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Vulvar Disorders

The vulva is the external female genital area that covers and protects a female’s sexual organs and urinary opening. It includes the labia majora, labia minora and tissue at the opening of the vagina.

There are many things that can cause irritation to the vulva, including infection, environmental factors and skin conditions. Some conditions cause minor discomfort, while others can make urination and sex very painful.

Most vulvar skin problems can be managed, but treatment differs based on the condition. The only way to know which one you have, and the best treatment course, is to see your healthcare provider.

Common Vulvar Disorders

Yeast infection

The vagina naturally has a certain amount of Candida yeast, but an overgrowth can cause a fungal infection.

Yeast infections are more common in individuals who:

  • Are pregnant
  • Use hormonal contraceptives
  • Have diabetes
  • Have a weakened immune system
  • Are taking or have recently taken antibiotics

Symptoms of a yeast infection are:

  • Vulvar swelling and redness
  • Itching, burning and irritation
  • Painful urination and sex
  • Thick, white vaginal discharge that looks like cottage cheese

Common treatments include:

  • Over-the-counter antifungal creams applied inside the vagina
  • Oral fluconazole prescribed by your doctor

Other treatments may be required for severe infections that either don’t get better or keep recurring.


Vulvitis/dermatitis is an inflammation and irritation of the vulva caused by:

  • Allergens
  • Chemicals found in household soaps, detergents and feminine products
  • Skin irritation caused by tight clothes or activities like horseback or bike riding
  • Hot tubs or bubble baths
  • Wearing a wet bathing suit or damp, sweaty underwear for long periods of time
  • Symptoms to watch for:
  • Chronic itching
  • Redness
  • Swelling
  • Rash
  • Treatments include:
  • Topical corticosteroid cream
  • Antihistamines
  • Switching to hypoallergenic detergents and soaps

Genital Herpes

Genital herpes is a common STD caused by the herpes virus. While there is no cure, it is manageable.

Signs of genital herpes are blistering and painful lesions on the vulva and surrounding areas. It is contracted through vaginal, anal or oral sex with an infected partner. You can get herpes if you have contact with:

  • Herpes sores
  • Saliva or the mouth of a partner with an oral herpes infection
  • Genital fluids or skin in the genital area of a partner with a genital herpes infection
  • Herpes infections are treated with antiviral medications to reduce the frequency and severity of attacks as well as lower a person’s risk of spreading the virus to others.

Genital Warts

Genital warts are an STD caused by the human papillomavirus (HPV). They vary in size, shape and color on the vulva, but are usually painless. They can cause:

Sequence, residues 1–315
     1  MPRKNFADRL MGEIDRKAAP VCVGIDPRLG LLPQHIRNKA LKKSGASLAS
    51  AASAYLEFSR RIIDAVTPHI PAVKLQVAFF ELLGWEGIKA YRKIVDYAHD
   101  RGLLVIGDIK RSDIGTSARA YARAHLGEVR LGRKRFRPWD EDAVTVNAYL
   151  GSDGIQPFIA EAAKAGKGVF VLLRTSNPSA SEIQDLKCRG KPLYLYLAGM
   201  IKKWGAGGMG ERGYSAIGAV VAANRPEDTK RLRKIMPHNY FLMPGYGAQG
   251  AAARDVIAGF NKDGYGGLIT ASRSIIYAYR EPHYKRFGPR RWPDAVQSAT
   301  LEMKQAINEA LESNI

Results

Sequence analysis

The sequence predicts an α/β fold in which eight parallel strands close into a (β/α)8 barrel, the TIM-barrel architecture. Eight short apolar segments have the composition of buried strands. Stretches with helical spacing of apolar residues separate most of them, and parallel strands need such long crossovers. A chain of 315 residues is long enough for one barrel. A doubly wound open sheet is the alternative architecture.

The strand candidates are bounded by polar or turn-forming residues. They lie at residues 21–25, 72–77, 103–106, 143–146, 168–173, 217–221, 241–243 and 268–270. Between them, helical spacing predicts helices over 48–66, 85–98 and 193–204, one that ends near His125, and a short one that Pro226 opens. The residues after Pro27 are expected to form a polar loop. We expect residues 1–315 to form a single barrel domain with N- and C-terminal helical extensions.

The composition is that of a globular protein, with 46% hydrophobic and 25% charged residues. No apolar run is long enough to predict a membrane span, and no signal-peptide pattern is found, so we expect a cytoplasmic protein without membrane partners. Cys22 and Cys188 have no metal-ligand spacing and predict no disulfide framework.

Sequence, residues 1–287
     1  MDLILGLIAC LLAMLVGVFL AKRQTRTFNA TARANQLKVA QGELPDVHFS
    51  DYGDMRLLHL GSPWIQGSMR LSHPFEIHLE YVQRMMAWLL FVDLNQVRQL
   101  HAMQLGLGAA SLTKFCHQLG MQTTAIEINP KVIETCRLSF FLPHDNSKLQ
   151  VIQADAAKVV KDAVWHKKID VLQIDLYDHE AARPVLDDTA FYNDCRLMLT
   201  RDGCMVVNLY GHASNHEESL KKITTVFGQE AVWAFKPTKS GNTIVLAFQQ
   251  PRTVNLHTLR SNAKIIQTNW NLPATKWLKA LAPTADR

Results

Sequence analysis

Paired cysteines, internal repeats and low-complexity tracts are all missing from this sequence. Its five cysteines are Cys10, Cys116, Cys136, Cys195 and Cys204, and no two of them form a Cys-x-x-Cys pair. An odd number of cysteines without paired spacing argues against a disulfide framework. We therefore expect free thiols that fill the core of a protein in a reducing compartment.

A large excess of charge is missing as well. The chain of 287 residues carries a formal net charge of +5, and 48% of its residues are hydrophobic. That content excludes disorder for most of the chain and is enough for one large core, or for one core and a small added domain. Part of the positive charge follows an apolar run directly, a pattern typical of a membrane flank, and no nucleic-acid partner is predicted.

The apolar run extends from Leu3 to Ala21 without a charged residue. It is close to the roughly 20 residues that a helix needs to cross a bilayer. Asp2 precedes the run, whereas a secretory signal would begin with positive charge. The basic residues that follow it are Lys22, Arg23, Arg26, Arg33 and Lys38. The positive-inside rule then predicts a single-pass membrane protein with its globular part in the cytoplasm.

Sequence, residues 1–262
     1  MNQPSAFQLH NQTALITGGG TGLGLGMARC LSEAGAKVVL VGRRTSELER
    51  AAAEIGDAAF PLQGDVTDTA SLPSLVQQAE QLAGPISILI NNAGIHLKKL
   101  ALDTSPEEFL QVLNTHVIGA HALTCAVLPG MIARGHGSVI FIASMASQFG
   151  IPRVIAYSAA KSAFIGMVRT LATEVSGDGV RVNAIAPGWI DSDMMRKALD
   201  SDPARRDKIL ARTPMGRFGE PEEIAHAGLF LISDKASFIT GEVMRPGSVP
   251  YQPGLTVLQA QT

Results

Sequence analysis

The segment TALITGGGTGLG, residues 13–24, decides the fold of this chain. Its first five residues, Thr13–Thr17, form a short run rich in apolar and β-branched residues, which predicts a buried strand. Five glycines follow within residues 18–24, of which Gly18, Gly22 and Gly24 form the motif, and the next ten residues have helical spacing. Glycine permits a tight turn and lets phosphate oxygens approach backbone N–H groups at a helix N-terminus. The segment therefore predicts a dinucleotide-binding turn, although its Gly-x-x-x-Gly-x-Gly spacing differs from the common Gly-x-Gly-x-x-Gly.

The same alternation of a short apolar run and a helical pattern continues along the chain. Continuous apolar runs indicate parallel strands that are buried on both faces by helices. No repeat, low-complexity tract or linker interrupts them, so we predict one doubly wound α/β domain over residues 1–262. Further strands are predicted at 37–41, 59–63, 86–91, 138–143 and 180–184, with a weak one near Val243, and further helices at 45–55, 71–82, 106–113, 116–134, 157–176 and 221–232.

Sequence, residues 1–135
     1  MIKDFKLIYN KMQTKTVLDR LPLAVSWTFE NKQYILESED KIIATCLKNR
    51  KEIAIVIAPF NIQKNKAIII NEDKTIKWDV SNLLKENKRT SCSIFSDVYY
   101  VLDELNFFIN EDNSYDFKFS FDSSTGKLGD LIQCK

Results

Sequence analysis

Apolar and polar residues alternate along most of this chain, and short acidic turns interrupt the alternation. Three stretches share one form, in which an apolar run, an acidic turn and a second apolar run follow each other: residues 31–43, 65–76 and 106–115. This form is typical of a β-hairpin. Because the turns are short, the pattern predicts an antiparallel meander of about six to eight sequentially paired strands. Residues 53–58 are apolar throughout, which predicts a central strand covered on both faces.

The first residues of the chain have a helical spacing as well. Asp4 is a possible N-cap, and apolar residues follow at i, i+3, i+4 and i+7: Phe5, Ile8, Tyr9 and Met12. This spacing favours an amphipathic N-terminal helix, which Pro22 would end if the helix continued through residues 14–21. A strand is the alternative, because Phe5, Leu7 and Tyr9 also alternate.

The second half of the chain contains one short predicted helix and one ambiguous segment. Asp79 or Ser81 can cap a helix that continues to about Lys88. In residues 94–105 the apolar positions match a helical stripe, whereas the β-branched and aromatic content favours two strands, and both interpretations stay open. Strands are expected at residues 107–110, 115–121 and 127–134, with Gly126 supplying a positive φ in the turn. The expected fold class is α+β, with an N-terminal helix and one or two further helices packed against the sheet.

• Itching
  • Burning
  • Bleeding during intercourse
  • Genital warts can only be removed through freezing or burning them off. Genital warts can be treated with topical medications, freezing, burning, laser procedures or excision.


Trichomoniasis is an STD caused by parasites (like pinworms, scabies and lice) that causes inflammation of the vulva.

  • Trichomoniasis symptoms vary, but you may experience:
  • Vulvar itching, burning, redness or soreness
  • Foul-smelling white, yellow or green discharge
  • Discomfort when urinating or during sex

Trichomoniasis is treated with antibiotics, but it can be contracted again. All sexual partners should be treated with antibiotics and engage in protected sex.

Lichen Sclerosus

Lichen sclerosus is a non-contagious, inflammatory vulvar skin disorder more common in postmenopausal people. Its cause is unknown, but some doctors believe overactive immune systems play a role.

Symptoms include:

  • Intense itching
  • Tenderness
  • Painful sex
  • White, wrinkled or split patches on the vulva that can lead to bleeding or scarring

While there is no cure, symptoms can be managed with corticosteroid cream for several weeks. Regular monitoring is important because the affected skin can increase the risk for vulvar cancer if not treated properly.

Bacterial Vaginosis

Bacterial vaginosis occurs when there is an imbalance of ‘good’ and ‘bad’ bacteria in the vagina. This condition typically occurs in sexually active individuals. Those who use douching products, don’t use condoms or have multiple sexual partners are at an increased risk for developing it.

Symptoms to watch for:

  • Thin, white-grey discharge
  • A strong fish-like odor

Treatment includes a prescription antibiotic. In some cases, bacterial vaginosis can return after treatment.

For more information on vulvar disorders, schedule an appointment with one of our specialists by calling 330.375.4094.

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If your situation is an emergency, call 911.